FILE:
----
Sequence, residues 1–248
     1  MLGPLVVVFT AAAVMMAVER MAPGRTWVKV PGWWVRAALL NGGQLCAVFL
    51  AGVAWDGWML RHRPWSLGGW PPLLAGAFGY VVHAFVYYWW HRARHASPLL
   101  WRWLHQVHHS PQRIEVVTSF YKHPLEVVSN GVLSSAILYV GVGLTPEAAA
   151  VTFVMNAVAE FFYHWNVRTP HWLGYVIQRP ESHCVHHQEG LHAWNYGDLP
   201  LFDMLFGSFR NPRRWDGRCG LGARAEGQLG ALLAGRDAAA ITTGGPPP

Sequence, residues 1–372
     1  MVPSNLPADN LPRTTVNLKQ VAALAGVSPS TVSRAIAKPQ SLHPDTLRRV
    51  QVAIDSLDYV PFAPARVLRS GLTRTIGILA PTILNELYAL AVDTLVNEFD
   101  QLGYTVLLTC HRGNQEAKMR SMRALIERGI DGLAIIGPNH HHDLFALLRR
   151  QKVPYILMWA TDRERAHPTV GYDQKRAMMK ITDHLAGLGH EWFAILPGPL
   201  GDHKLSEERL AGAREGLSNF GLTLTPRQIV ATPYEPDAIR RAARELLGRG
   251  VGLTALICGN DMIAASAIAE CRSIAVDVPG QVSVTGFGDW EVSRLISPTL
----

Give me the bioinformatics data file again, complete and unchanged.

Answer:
Sequence, residues 1–248
     1  MLGPLVVVFT AAAVMMAVER MAPGRTWVKV PGWWVRAALL NGGQLCAVFL
    51  AGVAWDGWML RHRPWSLGGW PPLLAGAFGY VVHAFVYYWW HRARHASPLL
   101  WRWLHQVHHS PQRIEVVTSF YKHPLEVVSN GVLSSAILYV GVGLTPEAAA
   151  VTFVMNAVAE FFYHWNVRTP HWLGYVIQRP ESHCVHHQEG LHAWNYGDLP
   201  LFDMLFGSFR NPRRWDGRCG LGARAEGQLG ALLAGRDAAA ITTGGPPP

Sequence, residues 1–372
     1  MVPSNLPADN LPRTTVNLKQ VAALAGVSPS TVSRAIAKPQ SLHPDTLRRV
    51  QVAIDSLDYV PFAPARVLRS GLTRTIGILA PTILNELYAL AVDTLVNEFD
   101  QLGYTVLLTC HRGNQEAKMR SMRALIERGI DGLAIIGPNH HHDLFALLRR
   151  QKVPYILMWA TDRERAHPTV GYDQKRAMMK ITDHLAGLGH EWFAILPGPL
   201  GDHKLSEERL AGAREGLSNF GLTLTPRQIV ATPYEPDAIR RAARELLGRG
   251  VGLTALICGN DMIAASAIAE CRSIAVDVPG QVSVTGFGDW EVSRLISPTL